Review: Scott Pilgrim vs. the World
I’ve been interested in Bryan Lee O’Malley’s Scott Pilgrim series of graphic novels for a few years now, although I’ve never found the time to pick one up. I have, however, managed to watch the movie adaptation Scott Pilgrim vs. the World (2010 dir. Edgar Wright).
Like the series, the movie focuses on Scott Pilgrim (Michael Cera) falling in love with the mysterious Ramona Flowers (Mary Elizabeth Winstead) and subsequently having to fight her seven evil exes (not ex boyfriends!). An interesting mix of genres, Scott Pilgrim vs. the World is a good and enjoyable film that perhaps doesn’t quite live up to its potential.
The Toronto that Scott Pilgrim inhabits is the world as video game. The League of Evil Exes is akin to a seven level video game, just without the goons and mini bosses. This element of the movie can be taken as either: the video game nature of the world is real, or Scott Pilgrim is interpreting the real world as a video game. Personally, I love the notion that the world depicted is an alternate Earth in which the rules are akin to a video game. But that is just me. This point, however, is the hard part of the film. Let’s be honest, a lot of the hate for this movie likely comes from “eww! It’s a video game movie!!”
For me, the problem with the movie is one of either acting or writing (I’m not sure which).
Don’t get me wrong, I like the acting on the whole. Michael Cera does a good(though not spectacular) job in the role of Scott Pilgrim. Ellen Wong is excellent is her role as Knives Chau, Aubrey Plaza is exceptionally cast as Julie Powers, and Keiran Culkin steals the movie with his portrayal of Wallace Wells.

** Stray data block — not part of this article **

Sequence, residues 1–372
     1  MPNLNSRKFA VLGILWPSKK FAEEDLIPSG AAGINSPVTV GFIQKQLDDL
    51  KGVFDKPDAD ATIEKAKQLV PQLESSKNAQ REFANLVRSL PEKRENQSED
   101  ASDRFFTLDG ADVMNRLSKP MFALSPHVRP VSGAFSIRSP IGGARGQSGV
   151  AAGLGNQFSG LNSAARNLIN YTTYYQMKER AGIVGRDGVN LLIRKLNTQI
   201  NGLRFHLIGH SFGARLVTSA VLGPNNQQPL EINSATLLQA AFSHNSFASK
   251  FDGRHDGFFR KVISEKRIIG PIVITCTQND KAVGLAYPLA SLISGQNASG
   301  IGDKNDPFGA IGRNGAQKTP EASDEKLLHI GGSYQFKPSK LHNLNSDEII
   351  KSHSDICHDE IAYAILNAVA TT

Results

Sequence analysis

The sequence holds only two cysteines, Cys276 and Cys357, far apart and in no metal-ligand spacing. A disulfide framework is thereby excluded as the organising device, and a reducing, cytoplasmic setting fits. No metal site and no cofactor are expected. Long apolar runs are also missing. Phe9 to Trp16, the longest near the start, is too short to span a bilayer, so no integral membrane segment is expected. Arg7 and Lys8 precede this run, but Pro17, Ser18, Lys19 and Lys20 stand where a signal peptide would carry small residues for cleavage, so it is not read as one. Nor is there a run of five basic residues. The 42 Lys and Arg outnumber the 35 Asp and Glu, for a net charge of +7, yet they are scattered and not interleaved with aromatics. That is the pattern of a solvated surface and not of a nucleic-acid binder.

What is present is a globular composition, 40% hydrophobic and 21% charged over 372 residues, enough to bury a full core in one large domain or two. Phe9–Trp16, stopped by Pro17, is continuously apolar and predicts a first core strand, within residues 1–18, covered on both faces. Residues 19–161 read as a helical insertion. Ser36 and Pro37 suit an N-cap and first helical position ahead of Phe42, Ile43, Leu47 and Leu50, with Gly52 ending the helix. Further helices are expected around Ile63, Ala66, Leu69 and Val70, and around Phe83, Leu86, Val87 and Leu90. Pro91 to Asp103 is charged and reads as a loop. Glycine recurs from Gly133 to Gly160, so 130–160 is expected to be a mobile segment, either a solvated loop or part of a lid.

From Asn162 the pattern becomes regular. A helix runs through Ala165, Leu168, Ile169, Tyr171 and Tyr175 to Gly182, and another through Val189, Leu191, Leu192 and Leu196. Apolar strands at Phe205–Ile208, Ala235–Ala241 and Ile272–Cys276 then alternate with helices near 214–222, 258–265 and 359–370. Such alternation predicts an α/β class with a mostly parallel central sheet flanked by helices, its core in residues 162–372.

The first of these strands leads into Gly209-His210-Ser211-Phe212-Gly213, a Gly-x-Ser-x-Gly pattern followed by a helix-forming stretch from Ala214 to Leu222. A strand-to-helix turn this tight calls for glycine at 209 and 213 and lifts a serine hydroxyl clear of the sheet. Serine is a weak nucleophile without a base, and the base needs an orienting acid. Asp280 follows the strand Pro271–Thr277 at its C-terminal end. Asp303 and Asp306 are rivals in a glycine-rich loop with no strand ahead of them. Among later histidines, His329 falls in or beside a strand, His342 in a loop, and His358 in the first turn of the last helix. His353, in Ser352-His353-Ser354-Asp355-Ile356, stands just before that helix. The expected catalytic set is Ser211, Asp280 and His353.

My issue with the movie lies in the fact that I just don’t buy that Scott Pilgrim is in love with Ramona Flowers. He says the words, but the looks he gives her are one of awkwardness rather than love. I understand that Cera is playing Scott as more awkward than he needs to be (I wonder why), but that awkwardness is stripping away other expressions. I think this can be seen when either Wong or Winstead interact with Cera, there is a wide range of emotions that are displayed, from puppy love, to romantic love, from heart break to gentle concern. All of those emotions are revealed through facial expressions, not words.
The movie begins rather slow, then picks up speed until it reaches a frenzied conclusion. The best scenes in the film are the boss battles (with a few others).
The movie is really good, perhaps in spite of Scott Pilgrim (or Michael Cera). The final battle where Knives engages in battle is just awesome, any scene with Wallace Wells is fun, and Aubrey Plaza is just viciously hilarious.
Scott Pilgrim vs. the World is not for everyone. But in the end, it is a delightful film that I really enjoyed.